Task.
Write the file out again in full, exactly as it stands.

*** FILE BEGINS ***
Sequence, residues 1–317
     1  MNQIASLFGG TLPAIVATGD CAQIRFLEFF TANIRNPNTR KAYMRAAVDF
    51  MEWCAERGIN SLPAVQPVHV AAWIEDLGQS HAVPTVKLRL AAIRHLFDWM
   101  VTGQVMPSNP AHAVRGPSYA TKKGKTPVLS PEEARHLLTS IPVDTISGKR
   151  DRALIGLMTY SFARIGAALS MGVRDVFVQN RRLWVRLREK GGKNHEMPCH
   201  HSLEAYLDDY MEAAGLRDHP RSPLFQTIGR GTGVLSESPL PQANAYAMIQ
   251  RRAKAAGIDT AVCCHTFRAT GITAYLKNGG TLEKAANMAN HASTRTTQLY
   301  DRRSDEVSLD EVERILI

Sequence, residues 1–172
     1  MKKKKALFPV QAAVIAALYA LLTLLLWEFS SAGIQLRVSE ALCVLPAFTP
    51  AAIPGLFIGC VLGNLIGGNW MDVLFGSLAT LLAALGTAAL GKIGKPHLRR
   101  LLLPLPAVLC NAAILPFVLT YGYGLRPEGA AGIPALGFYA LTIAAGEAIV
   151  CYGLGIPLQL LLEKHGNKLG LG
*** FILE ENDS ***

Sequence, residues 1–317
     1  MNQIASLFGG TLPAIVATGD CAQIRFLEFF TANIRNPNTR KAYMRAAVDF
    51  MEWCAERGIN SLPAVQPVHV AAWIEDLGQS HAVPTVKLRL AAIRHLFDWM
   101  VTGQVMPSNP AHAVRGPSYA TKKGKTPVLS PEEARHLLTS IPVDTISGKR
   151  DRALIGLMTY SFARIGAALS MGVRDVFVQN RRLWVRLREK GGKNHEMPCH
   201  HSLEAYLDDY MEAAGLRDHP RSPLFQTIGR GTGVLSESPL PQANAYAMIQ
   251  RRAKAAGIDT AVCCHTFRAT GITAYLKNGG TLEKAANMAN HASTRTTQLY
   301  DRRSDEVSLD EVERILI

Sequence, residues 1–172
     1  MKKKKALFPV QAAVIAALYA LLTLLLWEFS SAGIQLRVSE ALCVLPAFTP
    51  AAIPGLFIGC VLGNLIGGNW MDVLFGSLAT LLAALGTAAL GKIGKPHLRR
   101  LLLPLPAVLC NAAILPFVLT YGYGLRPEGA AGIPALGFYA LTIAAGEAIV
   151  CYGLGIPLQL LLEKHGNKLG LG